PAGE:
22 Long Ammo
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History of .22 Long Ammunition
Introduced in 1871, the .22 long was intended to be a natural progression of the .22 CB to .22 Short then to the .22 long. The idea was to improve the performance of the .22 Short by extending the case and increasing the powder charge, but keeping the 29 grain bullet from the Short.
After 15 years of being the most powerful of the .22 rimfire cartridges, the .22 Long Rifle was introduced. With a heavier bullet and more powerful charge, the .22 LR would quickly outpace the .22 Long in popularity and become something of an “orphan” cartridge. The .22 Long was not as quiet as the .22 Short and not as powerful as the .22 LR. So what did the .22 Long have to offer to shooters? Was it possibly a compromise, maybe a “best of both worlds”? Unfortuantely, this compromise was an answer to a question never asked. According to author Jack O’Connor, a Twentieth Century shooting icon, the .22 long was a “pretty useless contraption”.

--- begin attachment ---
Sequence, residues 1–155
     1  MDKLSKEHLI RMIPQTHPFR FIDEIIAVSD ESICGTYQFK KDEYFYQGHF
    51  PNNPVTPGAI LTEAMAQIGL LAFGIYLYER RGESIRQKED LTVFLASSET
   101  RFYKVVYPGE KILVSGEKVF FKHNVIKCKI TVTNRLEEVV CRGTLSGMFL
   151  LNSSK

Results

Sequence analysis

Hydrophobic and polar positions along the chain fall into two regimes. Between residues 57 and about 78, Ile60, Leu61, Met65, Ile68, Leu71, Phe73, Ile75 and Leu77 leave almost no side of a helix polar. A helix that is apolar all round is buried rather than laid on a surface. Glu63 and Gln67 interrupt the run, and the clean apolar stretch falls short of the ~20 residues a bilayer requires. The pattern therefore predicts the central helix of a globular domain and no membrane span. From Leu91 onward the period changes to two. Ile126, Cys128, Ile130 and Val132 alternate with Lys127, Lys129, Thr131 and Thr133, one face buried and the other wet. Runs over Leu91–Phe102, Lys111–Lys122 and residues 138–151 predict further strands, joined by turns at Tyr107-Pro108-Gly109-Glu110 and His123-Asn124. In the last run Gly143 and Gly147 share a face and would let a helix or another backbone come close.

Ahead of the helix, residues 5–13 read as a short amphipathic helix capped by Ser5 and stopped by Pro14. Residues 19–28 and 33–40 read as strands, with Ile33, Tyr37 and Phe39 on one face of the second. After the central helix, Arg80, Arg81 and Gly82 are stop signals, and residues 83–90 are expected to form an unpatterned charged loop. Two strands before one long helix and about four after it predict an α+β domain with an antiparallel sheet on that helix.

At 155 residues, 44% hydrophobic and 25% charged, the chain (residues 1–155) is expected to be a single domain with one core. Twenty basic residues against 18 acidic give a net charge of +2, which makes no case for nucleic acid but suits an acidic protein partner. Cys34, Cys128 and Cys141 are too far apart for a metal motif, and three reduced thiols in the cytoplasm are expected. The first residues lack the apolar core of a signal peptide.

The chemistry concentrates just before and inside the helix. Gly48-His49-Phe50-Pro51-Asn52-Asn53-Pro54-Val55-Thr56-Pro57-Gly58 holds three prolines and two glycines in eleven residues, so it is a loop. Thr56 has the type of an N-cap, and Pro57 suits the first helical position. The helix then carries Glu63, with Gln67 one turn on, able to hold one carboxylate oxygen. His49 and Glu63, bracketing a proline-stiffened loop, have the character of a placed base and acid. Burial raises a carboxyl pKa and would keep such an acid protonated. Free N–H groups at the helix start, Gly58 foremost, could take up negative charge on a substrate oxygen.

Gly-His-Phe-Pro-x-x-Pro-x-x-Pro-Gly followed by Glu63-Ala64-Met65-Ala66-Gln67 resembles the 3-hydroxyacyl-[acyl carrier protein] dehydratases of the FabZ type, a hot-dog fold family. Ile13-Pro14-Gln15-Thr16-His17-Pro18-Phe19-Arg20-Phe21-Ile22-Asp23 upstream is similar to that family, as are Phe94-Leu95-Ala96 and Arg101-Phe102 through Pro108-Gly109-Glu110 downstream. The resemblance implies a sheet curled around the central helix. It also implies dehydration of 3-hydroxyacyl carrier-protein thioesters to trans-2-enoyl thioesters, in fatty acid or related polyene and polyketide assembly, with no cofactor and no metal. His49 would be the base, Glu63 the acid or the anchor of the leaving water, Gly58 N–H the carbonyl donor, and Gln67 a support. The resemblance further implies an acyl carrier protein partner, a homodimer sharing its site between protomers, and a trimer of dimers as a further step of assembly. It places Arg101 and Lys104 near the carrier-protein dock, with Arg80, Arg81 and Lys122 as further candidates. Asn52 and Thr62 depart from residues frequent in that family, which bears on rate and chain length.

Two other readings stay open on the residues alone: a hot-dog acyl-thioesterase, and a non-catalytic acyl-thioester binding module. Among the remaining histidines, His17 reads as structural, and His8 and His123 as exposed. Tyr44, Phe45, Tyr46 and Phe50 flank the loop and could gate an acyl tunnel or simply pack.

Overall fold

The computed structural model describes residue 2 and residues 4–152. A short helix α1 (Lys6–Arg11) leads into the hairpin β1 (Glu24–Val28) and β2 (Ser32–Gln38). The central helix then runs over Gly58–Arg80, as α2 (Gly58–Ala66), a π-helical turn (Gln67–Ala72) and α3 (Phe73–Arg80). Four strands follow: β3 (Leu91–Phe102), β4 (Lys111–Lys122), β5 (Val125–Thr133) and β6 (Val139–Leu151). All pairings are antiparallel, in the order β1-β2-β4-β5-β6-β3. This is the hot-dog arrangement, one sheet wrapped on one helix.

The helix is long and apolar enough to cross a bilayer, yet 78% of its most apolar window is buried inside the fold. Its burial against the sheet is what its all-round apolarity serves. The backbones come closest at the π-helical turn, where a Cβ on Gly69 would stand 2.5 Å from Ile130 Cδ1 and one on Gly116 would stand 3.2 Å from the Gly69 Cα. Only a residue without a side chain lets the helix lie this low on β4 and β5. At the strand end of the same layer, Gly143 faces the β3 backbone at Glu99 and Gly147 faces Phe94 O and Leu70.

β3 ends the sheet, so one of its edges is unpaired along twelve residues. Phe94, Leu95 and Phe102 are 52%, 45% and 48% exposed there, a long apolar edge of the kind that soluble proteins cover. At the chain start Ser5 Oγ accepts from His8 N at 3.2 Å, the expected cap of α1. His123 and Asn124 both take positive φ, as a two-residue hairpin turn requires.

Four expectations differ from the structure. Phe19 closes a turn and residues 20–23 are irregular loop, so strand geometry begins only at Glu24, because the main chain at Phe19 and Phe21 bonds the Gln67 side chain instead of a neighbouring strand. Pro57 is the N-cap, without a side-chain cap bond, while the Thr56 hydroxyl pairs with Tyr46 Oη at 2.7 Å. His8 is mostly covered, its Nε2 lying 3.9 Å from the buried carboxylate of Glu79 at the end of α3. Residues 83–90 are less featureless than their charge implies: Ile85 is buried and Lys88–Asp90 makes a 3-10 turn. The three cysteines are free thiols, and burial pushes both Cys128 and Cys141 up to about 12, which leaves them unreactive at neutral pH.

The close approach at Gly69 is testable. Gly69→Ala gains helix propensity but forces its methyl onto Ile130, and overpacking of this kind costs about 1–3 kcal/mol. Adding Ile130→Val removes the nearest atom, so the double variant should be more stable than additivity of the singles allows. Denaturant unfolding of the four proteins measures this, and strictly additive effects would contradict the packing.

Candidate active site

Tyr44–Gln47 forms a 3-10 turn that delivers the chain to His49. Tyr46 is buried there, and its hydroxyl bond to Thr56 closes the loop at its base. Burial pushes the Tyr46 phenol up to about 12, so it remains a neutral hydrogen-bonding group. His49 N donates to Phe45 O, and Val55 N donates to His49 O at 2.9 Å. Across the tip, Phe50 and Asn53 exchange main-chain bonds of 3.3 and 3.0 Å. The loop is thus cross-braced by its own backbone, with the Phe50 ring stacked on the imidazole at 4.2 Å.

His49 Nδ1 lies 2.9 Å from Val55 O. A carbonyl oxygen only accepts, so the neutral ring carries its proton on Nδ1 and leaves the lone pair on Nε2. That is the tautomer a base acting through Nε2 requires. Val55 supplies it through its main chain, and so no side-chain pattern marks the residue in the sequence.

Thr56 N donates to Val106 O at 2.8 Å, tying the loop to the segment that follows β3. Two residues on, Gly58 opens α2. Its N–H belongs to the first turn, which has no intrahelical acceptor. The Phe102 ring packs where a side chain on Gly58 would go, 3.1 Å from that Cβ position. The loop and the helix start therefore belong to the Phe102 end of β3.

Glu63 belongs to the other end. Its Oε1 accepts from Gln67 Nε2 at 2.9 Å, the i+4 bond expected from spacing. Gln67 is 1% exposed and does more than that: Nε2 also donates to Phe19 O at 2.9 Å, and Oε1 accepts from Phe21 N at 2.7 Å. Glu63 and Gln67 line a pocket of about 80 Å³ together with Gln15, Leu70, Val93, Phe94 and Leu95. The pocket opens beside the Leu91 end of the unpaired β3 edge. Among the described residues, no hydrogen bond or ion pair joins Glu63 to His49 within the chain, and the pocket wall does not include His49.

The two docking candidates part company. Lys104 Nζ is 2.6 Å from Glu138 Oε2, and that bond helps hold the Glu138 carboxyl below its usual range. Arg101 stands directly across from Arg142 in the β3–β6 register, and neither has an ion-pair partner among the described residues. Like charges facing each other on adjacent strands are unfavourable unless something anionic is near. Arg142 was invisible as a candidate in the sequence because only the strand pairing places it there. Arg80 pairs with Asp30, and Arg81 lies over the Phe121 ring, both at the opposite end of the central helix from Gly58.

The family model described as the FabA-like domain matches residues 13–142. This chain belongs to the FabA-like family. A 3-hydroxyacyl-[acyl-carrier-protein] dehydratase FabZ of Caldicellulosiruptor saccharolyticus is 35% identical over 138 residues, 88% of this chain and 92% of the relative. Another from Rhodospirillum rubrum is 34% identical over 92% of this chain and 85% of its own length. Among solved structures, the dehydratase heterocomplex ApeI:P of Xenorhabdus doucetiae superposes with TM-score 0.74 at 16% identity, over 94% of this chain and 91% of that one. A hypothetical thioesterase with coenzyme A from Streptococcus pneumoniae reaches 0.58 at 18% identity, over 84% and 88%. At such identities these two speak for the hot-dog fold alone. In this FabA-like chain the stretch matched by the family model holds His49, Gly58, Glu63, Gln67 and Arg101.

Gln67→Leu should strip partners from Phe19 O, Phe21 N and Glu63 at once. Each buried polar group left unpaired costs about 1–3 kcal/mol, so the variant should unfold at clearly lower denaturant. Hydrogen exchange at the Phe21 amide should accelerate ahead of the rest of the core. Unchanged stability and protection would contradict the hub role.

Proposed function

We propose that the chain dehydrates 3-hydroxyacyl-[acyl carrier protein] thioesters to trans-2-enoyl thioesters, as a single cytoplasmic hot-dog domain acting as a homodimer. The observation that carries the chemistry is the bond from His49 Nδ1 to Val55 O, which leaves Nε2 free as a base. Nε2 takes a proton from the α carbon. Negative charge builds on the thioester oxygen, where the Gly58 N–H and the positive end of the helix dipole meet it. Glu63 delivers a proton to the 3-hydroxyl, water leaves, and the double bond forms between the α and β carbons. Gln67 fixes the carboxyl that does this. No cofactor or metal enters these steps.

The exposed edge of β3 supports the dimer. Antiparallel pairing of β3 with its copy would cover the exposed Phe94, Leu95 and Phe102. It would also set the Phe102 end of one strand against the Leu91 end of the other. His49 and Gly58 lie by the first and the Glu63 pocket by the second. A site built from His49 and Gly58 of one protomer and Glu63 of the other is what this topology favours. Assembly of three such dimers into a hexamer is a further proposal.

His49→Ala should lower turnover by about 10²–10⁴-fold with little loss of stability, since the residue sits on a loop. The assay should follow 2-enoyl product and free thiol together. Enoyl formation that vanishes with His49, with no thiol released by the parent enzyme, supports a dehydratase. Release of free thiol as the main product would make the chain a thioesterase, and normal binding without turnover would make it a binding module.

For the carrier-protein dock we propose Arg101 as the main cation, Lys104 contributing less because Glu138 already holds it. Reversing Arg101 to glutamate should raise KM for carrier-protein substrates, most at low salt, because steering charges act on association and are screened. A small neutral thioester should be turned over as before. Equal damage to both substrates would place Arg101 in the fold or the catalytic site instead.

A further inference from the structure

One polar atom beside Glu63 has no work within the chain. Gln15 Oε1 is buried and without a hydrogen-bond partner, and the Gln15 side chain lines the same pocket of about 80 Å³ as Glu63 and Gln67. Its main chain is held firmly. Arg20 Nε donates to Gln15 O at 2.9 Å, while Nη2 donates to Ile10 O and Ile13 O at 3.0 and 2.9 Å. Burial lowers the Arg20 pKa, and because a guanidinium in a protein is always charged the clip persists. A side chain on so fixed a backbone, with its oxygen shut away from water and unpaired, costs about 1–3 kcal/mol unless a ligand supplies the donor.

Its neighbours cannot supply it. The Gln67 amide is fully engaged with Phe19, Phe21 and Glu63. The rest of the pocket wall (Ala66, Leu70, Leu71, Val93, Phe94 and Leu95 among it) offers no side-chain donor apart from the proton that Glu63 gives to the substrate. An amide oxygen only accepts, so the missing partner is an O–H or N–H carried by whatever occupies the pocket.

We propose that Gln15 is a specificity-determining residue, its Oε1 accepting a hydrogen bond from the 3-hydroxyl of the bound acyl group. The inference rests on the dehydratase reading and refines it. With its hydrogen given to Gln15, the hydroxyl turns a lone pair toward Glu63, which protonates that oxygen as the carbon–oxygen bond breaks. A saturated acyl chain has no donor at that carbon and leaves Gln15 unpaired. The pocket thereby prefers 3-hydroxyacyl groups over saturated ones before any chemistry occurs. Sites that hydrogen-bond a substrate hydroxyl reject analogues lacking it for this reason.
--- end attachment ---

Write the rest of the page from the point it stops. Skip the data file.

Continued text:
The .22 Long has some fairly weak performance when compared to the .22 LR. It sends a 29 grain lead round nose bullet downrange at approximately 1040 feet per second. This equates to about 67 foot pounds of energy. This pales in comparison to some .22 LR ammo which can easily double and in some cases triple the muzzle energy of the .22 Long. Although this paints a discouraging picture, the .22 Long has remained popular enough to have Winchester and CCI continue producing ammo in amounts that make it fairly easy to find. Firearms dedicated to the .22 Long chambering have not been in regular production for almost 50 years, but with rifles that will shoot .22 Short, Long and Long Rifle, the .22 Long has remained popular enough to make at least two ammo manufacturers take notice and continue production. It seems that as firearms made specifically for the .22 Long become antiques and are relegated to wall hanger or safe queen status, the continued production of the .22 Long remains unsure.
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